On this day in 1996, Nobel prize winning poet Odysseus Elytis passes away

On this day in 1996, Greek poet Odysseus Elytis passes away

Odysseus Elytis (Οδυσσέας Ελύτης) was one of the greatest poets of modern Greece.

On this day in 1996, Greek poet Odysseus Elytis passes away


He was born on November 2, 1911, in Heraklion, Crete. His surname was Alepoudhelis. He took the name Elytis when he began writing poetry in his early 20's in order to avoid association with the family's prosperous soap-manufacturing business.

The pen name, he said, was derived from a combination of Greek words meaning Greece, hope, freedom and Eleni, the figure in Greek mythology that personifies beauty and sensuality. All these elements appeared in his poetry.

In 1935, Elytis published his first poem in the journal New Letters (Νέα Γράμματα).

In the early 1940's, he was an officer in the Greek army, fighting against Italian fascists in Albania.

On this day in 1996, Greek poet Odysseus Elytis passes away

His key work, 'To Axion Esti' ("He is worthy"), was published in 1959 and became world famous after it was set to music in the form of an oratorio by renowned Greek composer Mikis Theodorakis.

The poem is a celebration of sea and light and islands in the Aegean Sea, and includes lyric images of his experiences on the front lines when Greek troops drove back invading Italian fascists during the second World War.

Twenty years after it was published, To Axion Esti was singled out for the Nobel Prize by the Swedish Academy as one of the "most concentrated and richly faceted poems" in 20th century literature.

When he won the Nobel Prize at the age of 68, Elytis said: "The Swedish Academy's decision was not only an honour for me but for Greece and its history through the ages. I believe that it was a decision to bring international attention to the most ancient tradition in Europe, since from Homer's time to the present there has not been a single century during which poetry has not been written in the Greek language."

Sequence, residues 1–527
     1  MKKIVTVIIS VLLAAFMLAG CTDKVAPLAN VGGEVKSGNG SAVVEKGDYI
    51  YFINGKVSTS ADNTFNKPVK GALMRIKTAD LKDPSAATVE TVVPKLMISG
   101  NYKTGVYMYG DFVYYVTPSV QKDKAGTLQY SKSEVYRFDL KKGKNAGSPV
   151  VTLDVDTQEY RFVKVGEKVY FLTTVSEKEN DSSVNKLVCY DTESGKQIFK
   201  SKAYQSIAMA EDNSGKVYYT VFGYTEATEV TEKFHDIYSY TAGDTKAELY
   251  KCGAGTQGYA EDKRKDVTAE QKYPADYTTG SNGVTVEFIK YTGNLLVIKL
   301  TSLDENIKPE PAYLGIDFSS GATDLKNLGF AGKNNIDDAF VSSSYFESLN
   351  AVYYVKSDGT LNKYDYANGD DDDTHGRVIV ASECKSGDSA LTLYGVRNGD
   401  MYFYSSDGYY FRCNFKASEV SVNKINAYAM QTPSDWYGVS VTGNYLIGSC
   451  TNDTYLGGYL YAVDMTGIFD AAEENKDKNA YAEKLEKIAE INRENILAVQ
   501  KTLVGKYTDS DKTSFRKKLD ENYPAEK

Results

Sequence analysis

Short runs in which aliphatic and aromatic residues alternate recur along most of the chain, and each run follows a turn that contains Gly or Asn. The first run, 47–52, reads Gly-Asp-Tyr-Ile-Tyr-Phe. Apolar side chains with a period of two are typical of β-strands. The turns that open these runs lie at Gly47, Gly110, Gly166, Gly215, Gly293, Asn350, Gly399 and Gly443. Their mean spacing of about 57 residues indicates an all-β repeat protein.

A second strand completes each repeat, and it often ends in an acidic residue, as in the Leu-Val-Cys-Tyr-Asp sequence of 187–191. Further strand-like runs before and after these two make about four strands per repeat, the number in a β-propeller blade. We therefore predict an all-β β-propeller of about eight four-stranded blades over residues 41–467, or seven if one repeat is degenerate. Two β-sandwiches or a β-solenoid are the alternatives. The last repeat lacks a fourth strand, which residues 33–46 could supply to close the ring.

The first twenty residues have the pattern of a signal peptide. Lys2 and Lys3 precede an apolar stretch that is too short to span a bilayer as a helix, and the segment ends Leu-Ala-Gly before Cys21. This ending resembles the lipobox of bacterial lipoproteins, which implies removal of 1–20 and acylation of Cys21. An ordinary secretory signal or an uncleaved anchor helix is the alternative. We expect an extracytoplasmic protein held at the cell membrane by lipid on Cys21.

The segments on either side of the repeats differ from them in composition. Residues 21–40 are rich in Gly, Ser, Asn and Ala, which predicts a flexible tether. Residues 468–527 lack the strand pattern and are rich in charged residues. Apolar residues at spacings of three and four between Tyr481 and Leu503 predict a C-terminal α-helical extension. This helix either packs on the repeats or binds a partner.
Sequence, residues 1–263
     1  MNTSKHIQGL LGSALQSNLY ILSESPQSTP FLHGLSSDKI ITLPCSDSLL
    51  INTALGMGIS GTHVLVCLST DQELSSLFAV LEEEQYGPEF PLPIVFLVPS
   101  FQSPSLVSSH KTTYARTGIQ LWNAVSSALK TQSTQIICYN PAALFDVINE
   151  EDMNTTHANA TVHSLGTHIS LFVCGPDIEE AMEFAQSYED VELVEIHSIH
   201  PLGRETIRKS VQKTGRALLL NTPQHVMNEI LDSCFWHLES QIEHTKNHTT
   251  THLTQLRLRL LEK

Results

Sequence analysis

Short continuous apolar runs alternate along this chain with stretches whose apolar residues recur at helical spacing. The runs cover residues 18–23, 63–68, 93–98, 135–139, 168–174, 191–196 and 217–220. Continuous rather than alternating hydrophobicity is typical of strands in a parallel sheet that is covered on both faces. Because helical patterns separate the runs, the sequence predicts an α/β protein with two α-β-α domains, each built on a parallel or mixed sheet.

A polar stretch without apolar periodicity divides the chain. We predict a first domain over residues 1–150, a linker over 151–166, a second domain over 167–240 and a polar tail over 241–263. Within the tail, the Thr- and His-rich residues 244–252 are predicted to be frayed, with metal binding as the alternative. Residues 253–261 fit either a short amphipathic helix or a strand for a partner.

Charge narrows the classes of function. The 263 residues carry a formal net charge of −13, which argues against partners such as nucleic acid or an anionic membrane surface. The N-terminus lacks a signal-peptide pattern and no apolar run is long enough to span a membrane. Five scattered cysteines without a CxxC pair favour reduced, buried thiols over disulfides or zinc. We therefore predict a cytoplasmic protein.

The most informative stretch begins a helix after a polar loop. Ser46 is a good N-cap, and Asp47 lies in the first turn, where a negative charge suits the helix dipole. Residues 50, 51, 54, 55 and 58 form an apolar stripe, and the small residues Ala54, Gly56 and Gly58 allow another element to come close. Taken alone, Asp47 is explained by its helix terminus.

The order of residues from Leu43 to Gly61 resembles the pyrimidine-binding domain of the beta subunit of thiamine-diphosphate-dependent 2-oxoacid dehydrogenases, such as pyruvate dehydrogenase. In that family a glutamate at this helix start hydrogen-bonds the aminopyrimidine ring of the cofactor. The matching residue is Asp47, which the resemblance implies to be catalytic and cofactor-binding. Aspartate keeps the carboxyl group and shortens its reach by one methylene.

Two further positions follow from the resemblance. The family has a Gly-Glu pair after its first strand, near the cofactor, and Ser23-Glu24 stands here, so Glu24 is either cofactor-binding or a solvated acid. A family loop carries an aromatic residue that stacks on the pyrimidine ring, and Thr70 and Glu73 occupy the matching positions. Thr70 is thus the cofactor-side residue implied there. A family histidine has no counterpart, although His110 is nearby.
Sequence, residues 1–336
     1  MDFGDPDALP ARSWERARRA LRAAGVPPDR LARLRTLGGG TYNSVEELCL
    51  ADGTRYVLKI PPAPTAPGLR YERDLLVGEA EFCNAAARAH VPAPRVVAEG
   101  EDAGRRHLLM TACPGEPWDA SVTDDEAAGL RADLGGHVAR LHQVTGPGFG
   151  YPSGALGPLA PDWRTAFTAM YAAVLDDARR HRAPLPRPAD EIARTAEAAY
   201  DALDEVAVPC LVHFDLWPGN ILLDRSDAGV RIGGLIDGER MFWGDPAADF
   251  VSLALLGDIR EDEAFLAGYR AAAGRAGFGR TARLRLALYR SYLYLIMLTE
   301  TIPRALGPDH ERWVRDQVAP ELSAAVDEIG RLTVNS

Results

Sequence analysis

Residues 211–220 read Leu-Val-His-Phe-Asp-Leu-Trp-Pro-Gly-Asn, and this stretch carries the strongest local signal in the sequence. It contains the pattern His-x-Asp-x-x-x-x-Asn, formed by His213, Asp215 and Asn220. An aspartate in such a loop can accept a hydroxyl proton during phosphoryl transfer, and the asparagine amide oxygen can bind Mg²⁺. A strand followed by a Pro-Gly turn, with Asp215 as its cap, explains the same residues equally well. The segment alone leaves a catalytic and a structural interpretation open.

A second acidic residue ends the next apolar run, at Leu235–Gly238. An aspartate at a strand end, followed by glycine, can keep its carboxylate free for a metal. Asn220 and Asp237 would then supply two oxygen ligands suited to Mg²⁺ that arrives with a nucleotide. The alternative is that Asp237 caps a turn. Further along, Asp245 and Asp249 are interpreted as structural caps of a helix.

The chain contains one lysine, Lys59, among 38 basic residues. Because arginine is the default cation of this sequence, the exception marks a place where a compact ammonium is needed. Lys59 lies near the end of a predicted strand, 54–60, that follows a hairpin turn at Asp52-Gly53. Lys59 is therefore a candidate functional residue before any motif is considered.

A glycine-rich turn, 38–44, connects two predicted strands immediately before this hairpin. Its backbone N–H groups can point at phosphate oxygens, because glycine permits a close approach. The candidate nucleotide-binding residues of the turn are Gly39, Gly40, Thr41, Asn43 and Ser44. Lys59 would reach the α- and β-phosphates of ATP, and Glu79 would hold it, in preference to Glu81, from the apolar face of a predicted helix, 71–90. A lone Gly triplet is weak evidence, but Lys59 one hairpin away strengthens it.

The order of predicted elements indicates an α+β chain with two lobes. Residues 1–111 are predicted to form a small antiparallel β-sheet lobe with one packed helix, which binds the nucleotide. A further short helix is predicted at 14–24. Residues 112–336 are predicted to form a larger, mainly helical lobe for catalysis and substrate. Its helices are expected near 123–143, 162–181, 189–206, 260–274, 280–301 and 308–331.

Elytis was the second Greek poet to win the Nobel prize for literature after George Seferis, who received the prize in 1963.

On this day in 1996, Greek poet Odysseus Elytis passes away

Elytis' work blended ancient mythology and the human condition with surrealism.

His poems were sung by millions of Greeks in tavernas and coffee houses all over the country.

He also wrote many essays and created collages.


  • “Orientations” (1940)
  • “Sun – The First” (1943)
  • “An Heroic And Funeral Chant For The Lieutenant Lost In Albania” (1946)
  • “To Axion Esti” – “It Is Worthy” (1959)
  • “Six Plus One Remorses For The Sky” (1960)
  • “The Light Tree And The Fourteenth Beauty” (1972)
  • “The Sovereign Sun” (1972)
  • “The Trills Of Love” (1973)
  • “The Monogram” (1973)
  • “Step-Poems” (1974)
  • “(Offering) My Cards To Sight” (1974)
  • “The Painter Theophilos” (1973)
  • “Second Writing” (1976)
  • “The Magic Of Papadiamantis” (1976)
  • “Signalbook” (1977)
  • “Maria Nefeli” (1978)
  • “Selected poems” Ed. E. Keeley and Ph. Sherrard (1981)
  • “Three Poems under a Flag of Convenience” (1982)
  • “Diary of an Invisible April” (1984)
  • “The Little Mariner” (1988)
  • “What I Love. Selected Poems” (1986)
  • “Krinagoras” (1987)
  • “The Elegies of Oxopetras” (1991)

On this day in 1996, Greek poet Odysseus Elytis passes away

Elytis passed away on March 18, 1996, at his home in Kolonaki (Athens) at the age of 85 following a heart attack.

*More on GCT: A new house for the legacy of Nobel Prize-winning poet Odysseas Elytis
GCT Team

This article was researched and written by a GCT team member.